Another important source of uncertainty for businesses lies in the authorities' leniency programs. At the very basic level, NDRC's and SAIC's programs are similar: those participants in cartels and other monopoly agreements which voluntarily come forward to disclose the illegal conduct and provide "important evidence" may receive immunity or a reduction in the fine. However, there are also notable differences between the two programs. Not only is "important evidence" defined differently by the two authorities, but even the extent of leniency which an applicant can hope for varies according to the authority concerned: both NDRC and SAIC seem willing to grant full immunity to the first whistle-blower. But while NDRC intends to grant a reduction in the amount of the fine of no less than 50% for the second one to turn himself in and up to 50% for all other leniency applicants, SAIC's regulation is silent on the exact percentage by which the fine will be reduced for all but the first whistle-blower. Even for the first one to turn himself in, whilst the SAIC Monopolistic Agreement Regulation clearly states that it will obtain immunity, under the NDRC Anti-Price Monopoly Regulation, it does not necessarily follow that immunity will be granted. More generally, the leniency programs of both NDRC and SAIC lack detail and thus create uncertainty for businesses. Experience in other antitrust jurisdictions shows that uncertainty in the leniency system can work as a major deterrent for whistle-blowers to come forward.
Compliance burden For companies doing business in or with China, the main focus for additional compliance triggered by the new regulations may be the abuse of dominance rules. The NDRC Anti-Price Monopoly Regulation prohibits exclusive dealing arrangements imposed by dominant companies "by means of granting rebates" and the imposition of "unreasonable expenses", while the SAIC Abuse of Dominance Regulation appears to prohibit the imposition of certain territorial and customer restrictions as well as unreasonable contractual provisions. Hence, both regulations clearly appear to be extending the original scope of the AML's provisions. In addition, the SAIC regulation contains a very broad interpretation of the AML's refusal to deal provision.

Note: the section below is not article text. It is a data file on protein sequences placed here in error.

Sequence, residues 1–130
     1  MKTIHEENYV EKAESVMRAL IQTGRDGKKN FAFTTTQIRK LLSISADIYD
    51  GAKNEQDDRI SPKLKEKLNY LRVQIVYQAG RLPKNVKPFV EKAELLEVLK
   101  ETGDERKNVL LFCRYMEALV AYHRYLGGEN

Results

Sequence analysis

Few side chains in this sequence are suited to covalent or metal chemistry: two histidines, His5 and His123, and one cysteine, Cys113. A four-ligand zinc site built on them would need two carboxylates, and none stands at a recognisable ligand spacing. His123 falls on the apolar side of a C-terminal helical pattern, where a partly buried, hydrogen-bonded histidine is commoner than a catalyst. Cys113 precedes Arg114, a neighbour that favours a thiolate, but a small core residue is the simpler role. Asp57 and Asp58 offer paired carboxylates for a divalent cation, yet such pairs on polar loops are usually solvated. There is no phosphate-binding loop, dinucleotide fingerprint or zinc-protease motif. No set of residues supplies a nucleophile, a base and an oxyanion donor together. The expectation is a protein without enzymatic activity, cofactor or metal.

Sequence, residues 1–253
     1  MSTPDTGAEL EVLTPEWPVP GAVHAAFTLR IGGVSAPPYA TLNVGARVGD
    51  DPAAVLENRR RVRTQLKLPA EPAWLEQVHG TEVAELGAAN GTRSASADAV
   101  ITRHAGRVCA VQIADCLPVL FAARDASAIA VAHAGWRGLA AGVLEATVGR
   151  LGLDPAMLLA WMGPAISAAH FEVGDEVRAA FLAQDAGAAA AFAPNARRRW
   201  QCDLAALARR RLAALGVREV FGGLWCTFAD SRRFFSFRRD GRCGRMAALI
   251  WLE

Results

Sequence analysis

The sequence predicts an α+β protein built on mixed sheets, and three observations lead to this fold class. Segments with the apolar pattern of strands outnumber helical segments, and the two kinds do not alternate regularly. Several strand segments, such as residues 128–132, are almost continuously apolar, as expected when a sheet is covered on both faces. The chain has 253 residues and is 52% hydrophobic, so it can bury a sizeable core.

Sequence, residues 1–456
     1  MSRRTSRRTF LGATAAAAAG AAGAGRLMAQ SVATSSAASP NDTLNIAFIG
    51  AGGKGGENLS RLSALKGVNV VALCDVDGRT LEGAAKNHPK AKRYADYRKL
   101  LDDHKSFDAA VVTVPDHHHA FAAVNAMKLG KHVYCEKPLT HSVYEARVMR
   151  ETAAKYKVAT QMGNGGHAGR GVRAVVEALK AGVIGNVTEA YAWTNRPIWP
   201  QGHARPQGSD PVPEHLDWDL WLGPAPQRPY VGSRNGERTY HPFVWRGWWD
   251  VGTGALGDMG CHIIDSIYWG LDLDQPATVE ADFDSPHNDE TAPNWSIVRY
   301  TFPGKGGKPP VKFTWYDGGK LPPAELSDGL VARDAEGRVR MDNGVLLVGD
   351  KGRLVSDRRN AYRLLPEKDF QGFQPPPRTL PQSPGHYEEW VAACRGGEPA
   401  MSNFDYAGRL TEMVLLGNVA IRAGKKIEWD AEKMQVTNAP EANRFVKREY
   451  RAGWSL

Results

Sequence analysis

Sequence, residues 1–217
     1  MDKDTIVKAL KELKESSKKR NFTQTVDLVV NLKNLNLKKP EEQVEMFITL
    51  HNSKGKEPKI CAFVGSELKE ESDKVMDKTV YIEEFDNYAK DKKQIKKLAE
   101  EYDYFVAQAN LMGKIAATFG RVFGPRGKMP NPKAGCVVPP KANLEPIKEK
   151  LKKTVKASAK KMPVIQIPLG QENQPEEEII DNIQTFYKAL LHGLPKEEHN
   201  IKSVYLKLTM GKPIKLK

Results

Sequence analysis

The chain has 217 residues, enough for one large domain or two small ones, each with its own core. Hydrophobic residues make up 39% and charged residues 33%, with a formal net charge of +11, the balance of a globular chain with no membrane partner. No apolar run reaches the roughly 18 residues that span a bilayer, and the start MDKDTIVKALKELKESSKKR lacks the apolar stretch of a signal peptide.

For companies that have a dominant position in a relevant market (whether big or small), the new regulations are likely to create additional obligations and provide substantial uncertainty. On the one hand, granting rebates for meeting purchase targets is a widespread business practice in some sectors. Likewise, contracts with territorial restrictions or, say, customer-group restrictions can be seen in many industries. With the new regulations, these kinds of practices will now need careful screening and analysis. On the other hand, the new regulations refer to the concept of "unreasonable conditions," in relation to expenses (NDRC) or other contractual terms (SAIC). In jurisdictions with a longer legal tradition, such issues would normally be addressed under consumer protection or unfair contract term legislation, rather than antitrust laws. The inherent risk for dominant players is that such vague concepts may engender a high degree of uncertainty and encourage speculative lawsuits, particularly by publicity-seeking companies and individuals targeting high profile multinationals in China.
The new regulations clearly demonstrate that cartels may be one of the major areas of focus for both NDRC and SAIC. Companies with operations in China will need to step up training and monitoring of staff behavior to mitigate the risk of becoming subject to a NDRC or SAIC investigation. Past business practices and policies will need to be reviewed and updated in the light of the new rules. Whilst far from perfect, the very existence of defined leniency programs is likely to increase the risk of companies ending up being investigated due to the actions of a whistle-blower.
Whilst NDRC and SAIC may have been relatively slow out of the gate as compared to MOFCOM in terms of AML enforcement, this may be attributable to the fact that in the absence of implementing regulations such as those just enacted, NDRC and SAIC felt their hands were somewhat tied. MOFCOM may have dealt with many more cases, but it should not be forgotten that it is the breaches of the rules on monopolistic agreements and abuse of dominance that carry by far the heaviest penalties under the AML; for that reason alone, these rules – however imperfect – have to be considered carefully by companies doing business in or with China.